3 valuable ways business owners could extract profits

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As a business owner, deciding how to extract profits from your firm could be a crucial decision. It may affect your tax liability and that of your company. Read on to understand three essential ways you could take money from your business and potential tax implications you might want to weigh up before deciding which is the right route for you.

Many business owners will use a combination of the three options below to extract profit from their business to fund their day-to-day expenses and create long-term financial security.

1. Taking a salary

An obvious way to access profit from your business is to pay yourself a salary.

Paying yourself a salary from your business could help ensure you have a regular income to cover day-to-day expenses. A reliable income source could also make some situations more straightforward, such as applying for a mortgage. So, you might want to consider your short- and medium-term plans when deciding your salary.

In addition, you may also factor in how your salary could affect your tax liability. Your salary could be liable for Income Tax in the same way as other employees.

For the 2024/25 tax year, the Income Tax bands and rates are:

Income Tax allowances and rates are different in Scotland

Being mindful of the Income Tax thresholds might help you to manage your finances and avoid an unexpected bill.

As well as Income Tax, there could be other taxes and allowances you factor in. For instance, moving into a higher tax bracket could reduce your Personal Savings Allowance and lead to you paying tax on the interest your savings earn. In addition, high earners could be affected by the Tapered Annual Allowance, which reduces the amount you can tax-efficiently contribute to your pension.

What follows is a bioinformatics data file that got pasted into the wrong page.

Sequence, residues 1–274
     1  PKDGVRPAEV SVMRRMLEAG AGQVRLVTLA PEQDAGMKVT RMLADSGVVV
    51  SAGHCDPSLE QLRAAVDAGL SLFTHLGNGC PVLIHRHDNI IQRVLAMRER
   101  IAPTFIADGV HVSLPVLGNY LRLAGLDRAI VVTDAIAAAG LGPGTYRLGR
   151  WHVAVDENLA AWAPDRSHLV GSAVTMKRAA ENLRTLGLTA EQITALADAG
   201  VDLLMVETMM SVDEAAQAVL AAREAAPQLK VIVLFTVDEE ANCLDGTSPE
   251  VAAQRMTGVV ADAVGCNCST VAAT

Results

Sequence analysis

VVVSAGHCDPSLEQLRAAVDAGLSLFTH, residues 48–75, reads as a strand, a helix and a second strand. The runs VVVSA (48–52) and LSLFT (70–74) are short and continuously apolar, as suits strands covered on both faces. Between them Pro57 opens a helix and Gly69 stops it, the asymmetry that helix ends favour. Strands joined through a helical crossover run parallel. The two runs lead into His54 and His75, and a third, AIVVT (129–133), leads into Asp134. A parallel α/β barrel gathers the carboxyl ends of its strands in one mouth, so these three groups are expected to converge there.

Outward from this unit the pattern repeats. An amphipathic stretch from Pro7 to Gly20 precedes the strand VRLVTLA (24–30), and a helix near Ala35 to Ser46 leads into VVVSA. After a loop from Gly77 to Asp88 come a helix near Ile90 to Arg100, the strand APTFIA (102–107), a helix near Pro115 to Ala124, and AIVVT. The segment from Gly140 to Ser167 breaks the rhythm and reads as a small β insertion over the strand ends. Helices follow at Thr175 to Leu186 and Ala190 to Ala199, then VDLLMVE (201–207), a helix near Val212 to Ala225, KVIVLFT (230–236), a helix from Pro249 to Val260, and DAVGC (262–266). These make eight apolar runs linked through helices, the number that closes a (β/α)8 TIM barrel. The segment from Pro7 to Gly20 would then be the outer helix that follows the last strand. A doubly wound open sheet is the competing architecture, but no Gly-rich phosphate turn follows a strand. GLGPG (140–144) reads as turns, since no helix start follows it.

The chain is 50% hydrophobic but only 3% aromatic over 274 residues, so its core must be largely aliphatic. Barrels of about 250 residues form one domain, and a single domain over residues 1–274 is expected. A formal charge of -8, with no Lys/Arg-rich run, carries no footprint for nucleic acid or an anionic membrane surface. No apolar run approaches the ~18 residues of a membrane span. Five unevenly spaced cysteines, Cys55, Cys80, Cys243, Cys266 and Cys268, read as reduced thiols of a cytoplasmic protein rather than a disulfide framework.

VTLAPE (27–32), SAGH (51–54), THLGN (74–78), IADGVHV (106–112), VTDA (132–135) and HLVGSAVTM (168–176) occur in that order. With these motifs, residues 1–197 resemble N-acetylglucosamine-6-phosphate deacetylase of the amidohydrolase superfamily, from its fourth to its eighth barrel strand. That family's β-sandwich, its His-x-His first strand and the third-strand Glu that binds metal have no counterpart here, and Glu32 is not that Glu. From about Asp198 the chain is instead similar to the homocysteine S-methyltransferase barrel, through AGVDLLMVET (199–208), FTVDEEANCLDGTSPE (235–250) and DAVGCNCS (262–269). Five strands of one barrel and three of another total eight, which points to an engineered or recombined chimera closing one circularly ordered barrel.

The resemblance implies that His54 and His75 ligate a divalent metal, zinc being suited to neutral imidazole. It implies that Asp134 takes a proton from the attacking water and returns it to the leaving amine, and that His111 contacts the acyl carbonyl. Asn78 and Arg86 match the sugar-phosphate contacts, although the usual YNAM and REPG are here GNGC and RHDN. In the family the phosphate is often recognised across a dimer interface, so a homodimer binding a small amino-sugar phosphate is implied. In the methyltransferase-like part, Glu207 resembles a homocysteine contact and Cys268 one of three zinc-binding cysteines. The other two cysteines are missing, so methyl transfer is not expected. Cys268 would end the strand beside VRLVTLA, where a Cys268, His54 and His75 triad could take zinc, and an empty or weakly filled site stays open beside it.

If you would like to talk about the implications of your Income Tax bracket when setting your salary, please contact us.

2. Supplementing your income with dividends

Dividends could be a tax-efficient way to boost your salary. They provide a way to distribute company profits among its shareholders. So, when your business is doing well, dividends could supplement your other sources of income.

In 2024/25, the Dividend Allowance means you can take dividends up to £500 before tax is due. This allowance has fallen in recent years – it was £2,000 in 2022/23. So, if you’re a business owner who uses dividends to extract profits and haven’t reviewed your tax liability recently it could be a worthwhile task.

Dividends could prove valuable even if you exceed the Dividend Allowance due to the tax rate likely being lower than the rate of Income Tax.

The rate of tax you pay will depend on which Income Tax band(s) the dividends that exceed the allowance fall within once your other income is considered. For 2024/25, the Dividend Tax rates are:

  • Basic rate: 8.75%
  • Higher rate: 33.75%
  • Additional rate: 39.35%

It’s not possible to carry forward your Dividend Allowance if you don’t use it in the current tax year. So, making dividends a regular part of your income could be useful.

3. Making pension contributions

Making pension contributions could help secure your long-term finances. This is because a pension is a tax-efficient way to save for your retirement – the investment returns held in a pension aren’t liable for Capital Gains Tax.